There is a saying…”Worry is wasting time thinking of what has not yet happened, and probably never will”. I try to live by this. Also, being a student of metaphysics, I know that what you put your attention to (both positive and negative) is what you attract to yourself. That being said, as a Libra, I wear permanent rose colored glasses so thinking positively comes a bit more easily to me. I trained myself to stop my negative thoughts by saying “delete!” to myself whenever I find my thoughts wandering towards worry. If I’m not mistaken, Pollyanna lived a happy life. That is not to say I am unaware of bad things, I do watch the nightly news. I just don’t allow myself to imagine myself in the middle of the crises, whatever it may be. I empathize with those who are ill or suffering, but I don’t want to “put myself in their shoes”. I don’t have to experience it to understand it or to want to help. And I don’t ever want to claim it as my truth. I will deal with whatever comes up for me as it appears, I don’t spend time thinking of all the bad things that might or could happen When I spend time anticipating, it is always for something wonderful!

  4. David Bar says:

    We don’t think enough or feel enough.

    If you can’t make it to work you get fired and the whole world will fall apart.

  5. rachel bar says:

    Or you marry a rich man or a rich woman…

  6. ermigal says:

    Great post, Rachel! I’m a sometimes worrier, my Mom (96 years young) continues to worry about everything, and I made up my mind not to dwell on all the awful possibilities. It really is wasted energy…but hard to stop doing! By the way, I loved the book Mrs Dalloway, I read it after reading The Hours, a great, great read!

  7. rachel bar says:

    Thanks, Ermine! I read Mrs Dalloway when I was 21 years old, and it was very powerful then. I should revisit it. Yes, worrying is a waste of energy, if we could just stop it at will!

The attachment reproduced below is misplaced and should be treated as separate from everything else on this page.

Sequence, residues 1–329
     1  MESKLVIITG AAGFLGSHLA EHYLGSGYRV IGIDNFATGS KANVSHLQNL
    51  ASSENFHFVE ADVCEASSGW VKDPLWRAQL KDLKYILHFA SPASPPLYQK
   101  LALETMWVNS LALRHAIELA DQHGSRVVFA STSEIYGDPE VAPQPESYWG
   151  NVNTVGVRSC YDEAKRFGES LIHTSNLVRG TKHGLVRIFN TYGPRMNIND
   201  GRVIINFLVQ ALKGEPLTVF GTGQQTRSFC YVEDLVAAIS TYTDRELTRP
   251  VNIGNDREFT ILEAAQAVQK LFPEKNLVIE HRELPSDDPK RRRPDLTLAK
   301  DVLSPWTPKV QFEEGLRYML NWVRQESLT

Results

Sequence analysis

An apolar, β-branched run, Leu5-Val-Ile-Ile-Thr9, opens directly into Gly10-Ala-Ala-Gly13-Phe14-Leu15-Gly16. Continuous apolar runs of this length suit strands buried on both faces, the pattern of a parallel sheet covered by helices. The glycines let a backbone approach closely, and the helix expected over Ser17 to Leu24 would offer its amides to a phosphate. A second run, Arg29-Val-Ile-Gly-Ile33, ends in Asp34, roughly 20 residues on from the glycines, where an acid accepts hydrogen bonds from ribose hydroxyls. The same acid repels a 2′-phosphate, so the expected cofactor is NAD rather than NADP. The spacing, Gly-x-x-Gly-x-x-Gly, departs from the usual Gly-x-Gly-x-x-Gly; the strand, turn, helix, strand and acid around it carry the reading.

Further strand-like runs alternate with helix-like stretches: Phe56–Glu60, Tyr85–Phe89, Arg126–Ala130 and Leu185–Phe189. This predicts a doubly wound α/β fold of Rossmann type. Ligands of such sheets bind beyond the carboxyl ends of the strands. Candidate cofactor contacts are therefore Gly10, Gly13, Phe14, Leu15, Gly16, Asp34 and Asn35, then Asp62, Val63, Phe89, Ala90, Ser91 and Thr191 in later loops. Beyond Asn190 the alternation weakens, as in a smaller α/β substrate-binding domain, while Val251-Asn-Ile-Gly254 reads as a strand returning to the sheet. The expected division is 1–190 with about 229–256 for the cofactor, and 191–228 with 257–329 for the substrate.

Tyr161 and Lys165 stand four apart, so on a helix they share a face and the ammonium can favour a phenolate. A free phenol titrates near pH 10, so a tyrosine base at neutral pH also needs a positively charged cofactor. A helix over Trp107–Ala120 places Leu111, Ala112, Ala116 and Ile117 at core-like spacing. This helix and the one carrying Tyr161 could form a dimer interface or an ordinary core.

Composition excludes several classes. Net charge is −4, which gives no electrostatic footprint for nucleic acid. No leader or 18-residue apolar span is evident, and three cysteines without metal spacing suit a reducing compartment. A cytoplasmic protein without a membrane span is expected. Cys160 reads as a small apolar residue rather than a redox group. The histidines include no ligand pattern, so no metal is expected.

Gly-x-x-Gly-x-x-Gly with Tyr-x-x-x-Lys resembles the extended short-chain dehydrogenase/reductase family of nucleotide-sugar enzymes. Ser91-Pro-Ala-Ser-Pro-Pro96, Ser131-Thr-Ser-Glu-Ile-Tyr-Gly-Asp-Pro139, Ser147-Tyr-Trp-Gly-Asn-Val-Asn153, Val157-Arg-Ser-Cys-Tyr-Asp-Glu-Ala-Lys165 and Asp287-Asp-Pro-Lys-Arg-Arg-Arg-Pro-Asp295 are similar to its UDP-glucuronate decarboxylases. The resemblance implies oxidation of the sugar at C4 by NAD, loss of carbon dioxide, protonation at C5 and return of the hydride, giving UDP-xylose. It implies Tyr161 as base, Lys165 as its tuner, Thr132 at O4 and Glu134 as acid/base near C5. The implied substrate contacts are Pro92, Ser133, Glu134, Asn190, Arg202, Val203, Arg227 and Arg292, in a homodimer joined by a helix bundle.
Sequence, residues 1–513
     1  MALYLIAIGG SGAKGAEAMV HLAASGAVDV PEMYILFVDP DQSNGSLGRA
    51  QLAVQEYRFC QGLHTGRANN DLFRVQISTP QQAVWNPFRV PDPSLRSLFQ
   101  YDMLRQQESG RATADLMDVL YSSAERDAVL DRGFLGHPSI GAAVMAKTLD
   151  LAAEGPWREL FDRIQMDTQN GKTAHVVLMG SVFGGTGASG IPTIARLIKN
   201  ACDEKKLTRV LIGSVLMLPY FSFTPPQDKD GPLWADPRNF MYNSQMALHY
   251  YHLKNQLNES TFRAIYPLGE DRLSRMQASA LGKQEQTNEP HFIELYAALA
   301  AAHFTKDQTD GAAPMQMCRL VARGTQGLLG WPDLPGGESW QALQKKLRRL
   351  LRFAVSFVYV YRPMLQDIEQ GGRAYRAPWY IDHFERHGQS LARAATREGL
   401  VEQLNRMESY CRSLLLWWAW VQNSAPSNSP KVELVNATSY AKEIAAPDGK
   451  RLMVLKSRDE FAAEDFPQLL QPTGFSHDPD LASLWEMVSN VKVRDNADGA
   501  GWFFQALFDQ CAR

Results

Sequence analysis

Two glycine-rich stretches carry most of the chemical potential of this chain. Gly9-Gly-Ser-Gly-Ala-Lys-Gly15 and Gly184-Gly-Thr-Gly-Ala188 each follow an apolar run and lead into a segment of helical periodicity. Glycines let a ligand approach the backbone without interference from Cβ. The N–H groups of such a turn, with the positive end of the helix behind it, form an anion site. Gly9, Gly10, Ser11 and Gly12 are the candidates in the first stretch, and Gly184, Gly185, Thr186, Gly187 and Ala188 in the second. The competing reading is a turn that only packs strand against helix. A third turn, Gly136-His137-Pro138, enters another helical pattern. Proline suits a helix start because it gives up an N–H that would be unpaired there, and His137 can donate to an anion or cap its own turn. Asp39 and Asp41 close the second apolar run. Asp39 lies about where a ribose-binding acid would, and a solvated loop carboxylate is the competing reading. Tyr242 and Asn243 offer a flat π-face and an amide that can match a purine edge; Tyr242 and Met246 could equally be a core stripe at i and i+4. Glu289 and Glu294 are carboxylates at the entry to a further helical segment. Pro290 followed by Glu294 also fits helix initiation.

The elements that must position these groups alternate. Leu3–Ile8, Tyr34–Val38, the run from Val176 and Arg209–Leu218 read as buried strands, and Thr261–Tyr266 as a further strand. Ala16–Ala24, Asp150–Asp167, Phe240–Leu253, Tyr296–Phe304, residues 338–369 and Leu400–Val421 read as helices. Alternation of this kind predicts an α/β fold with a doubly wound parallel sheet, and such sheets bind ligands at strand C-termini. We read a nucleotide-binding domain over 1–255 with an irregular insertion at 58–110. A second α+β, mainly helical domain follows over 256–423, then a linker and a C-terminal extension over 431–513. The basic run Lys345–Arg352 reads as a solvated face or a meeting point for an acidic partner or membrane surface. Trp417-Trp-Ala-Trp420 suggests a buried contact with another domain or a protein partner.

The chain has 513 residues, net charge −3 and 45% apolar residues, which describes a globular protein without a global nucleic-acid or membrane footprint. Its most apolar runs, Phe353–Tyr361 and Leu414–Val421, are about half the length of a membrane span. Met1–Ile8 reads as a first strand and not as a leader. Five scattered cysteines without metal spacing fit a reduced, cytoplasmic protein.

8. If only we could jut stop worrying at will. That would be wonderful..
    For the past two years I have been studying Mussar. It helps me to live a more conscious life.
    Adding tools to my armamentarium of coping skills.
    BUT, I still do my share of worrying…

  9. I really understood this being the queen of catastrophic thinking and all, but then I went into a 12 Step program and the first thing they teach you is, you’re powerless over people, places and things. What a surprise that was. I still worry though – those 3 am panic attacks when I think someone is trying to get in. It’s really just wind or my avid imagination. I worry about illness, destitution, the apocalypse.

    Didn’t know you had a son. Kids, that’s when all bets are off. I get that too.

    Very well written and thoughtful essay Rachel.

    • rachel bar says:

      Hi Susannah,
      I’ve been away from blogging and reading the last four days or so, had my first grandchild, but it was not as simple as anticipated. So I’m trying to say that there was a good reason for not reading your blogs as I usually do.
      And, I’m worried again. OK, I’m starting to say the words of the serenity prayer while I’m typing:)

  10. I just read this again after reading the other and enjoyed it even more second round. After the hurricane horror I really got a great glimpse of powerlessness. I made the conscious decision not to push against what was happening, a 12 Step trick I’ve never managed to master before. I see you on that highway making that choice but calmly, not frenetically. Why, I have no idea. That list of yours may become mine. It certainly covers everything. I notice 9/11 in your tags. See, that’s a great barometer for me. I always think, what were those people worried about that day when they innocently went to work. It straightens me right up. Nice writing, as always.